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How to Store a Piano

If you are moving with a piano, you may find you need to store it for a while. Perhaps your temporary lodging doesn’t have a space for it. Or, maybe your piano player has left the nest but isn’t quite ready to take possession of her instrument. Maybe your piano is an heirloom and you wish to keep it for the grandkids. Whatever your reason for storing a piano, be aware that proper care is important to a piano’s playability and to its resale value.

If your piano is of the traditional, stringed variety, it is sensitive to changes in temperature and humidity. Have it tuned at least once a year (or more often if it receives a lot of play). Tuning not only makes a piano more pleasing to play; it can help the instrument’s ability to hold a tune (stay in tune over time).

storepiano

When you take a piano out of storage, it’s a good idea to let it sit in its new environment for a couple of weeks before tuning. This gives the instrument time to become acclimated to the conditions in its new home.

If you are storing a digital piano, you have a little more leeway in preparation. Because it is stringless, a digital instrument is not as sensitive to changes in humidity. However, it is sensitive to dust, so be sure to cover it to keep out particulates that can imp

Where you place your piano affects its well-being. Avoid placing it on an outside wall, near windows or exterior doors, in direct sunlight, or near fireplaces or furnace vents. Swings in humidity cause a harmful expansion and contraction of the soundboard—not to mention the potential for warping wooden panels and diminishing the luster of the cabinet finish.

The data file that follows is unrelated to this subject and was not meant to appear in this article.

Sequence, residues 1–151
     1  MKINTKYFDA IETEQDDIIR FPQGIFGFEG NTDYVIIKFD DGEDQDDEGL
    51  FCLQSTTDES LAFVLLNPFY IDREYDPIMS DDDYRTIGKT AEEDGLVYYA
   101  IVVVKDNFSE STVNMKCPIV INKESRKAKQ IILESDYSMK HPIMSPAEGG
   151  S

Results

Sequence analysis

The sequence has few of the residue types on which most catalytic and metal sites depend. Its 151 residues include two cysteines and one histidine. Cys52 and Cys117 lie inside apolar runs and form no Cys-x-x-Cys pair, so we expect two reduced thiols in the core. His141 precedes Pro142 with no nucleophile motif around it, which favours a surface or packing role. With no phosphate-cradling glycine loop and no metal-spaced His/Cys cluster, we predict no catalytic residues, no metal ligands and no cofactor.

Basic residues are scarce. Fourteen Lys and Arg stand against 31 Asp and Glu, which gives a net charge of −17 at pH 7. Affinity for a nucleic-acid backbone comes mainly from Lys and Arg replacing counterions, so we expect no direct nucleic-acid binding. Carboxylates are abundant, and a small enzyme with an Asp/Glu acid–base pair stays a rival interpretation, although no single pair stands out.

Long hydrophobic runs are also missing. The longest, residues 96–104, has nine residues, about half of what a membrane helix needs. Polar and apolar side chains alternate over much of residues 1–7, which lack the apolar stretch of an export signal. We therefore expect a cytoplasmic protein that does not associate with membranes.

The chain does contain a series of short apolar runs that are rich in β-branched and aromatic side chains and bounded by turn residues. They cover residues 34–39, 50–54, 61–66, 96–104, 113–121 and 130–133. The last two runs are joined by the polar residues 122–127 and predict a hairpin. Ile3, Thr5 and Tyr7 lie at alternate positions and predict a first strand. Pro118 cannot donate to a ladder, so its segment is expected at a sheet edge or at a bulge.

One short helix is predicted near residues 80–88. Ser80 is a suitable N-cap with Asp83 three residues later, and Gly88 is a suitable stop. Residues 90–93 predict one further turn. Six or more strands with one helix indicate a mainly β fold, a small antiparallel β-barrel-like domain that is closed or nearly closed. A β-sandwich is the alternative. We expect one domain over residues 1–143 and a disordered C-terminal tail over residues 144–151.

Before putting a piano into storage, you should clean and polish it. Use a dust cover on the keys and close the keyboard. We employ pad-wrapping to protect the cabinet and keep dust out of the instrument while allowing it to “breathe.” Our storage facilities are climate-controlled to keep changes in temperature and humidity from affecting your piano. We always store pianos in the same position as they are played—never on their sides. This prevents unnatural stress on the mechanical parts that can damage them.

When you take a piano out of storage, it’s a good idea to let it sit in its new environment for a couple of weeks before tuning. This gives the instrument time to become acclimated to the conditions in its new home.

If you are storing a digital piano, you have a little more leeway in preparation. Because it is stringless, a digital instrument is not as sensitive to changes in humidity. However, it is sensitive to dust, so be sure to cover it to keep out particulates that can impair its function.

If you have questions about moving or storing your piano, our professional piano movers can provide the answers. Send an email to: sales@evsmoving.com.

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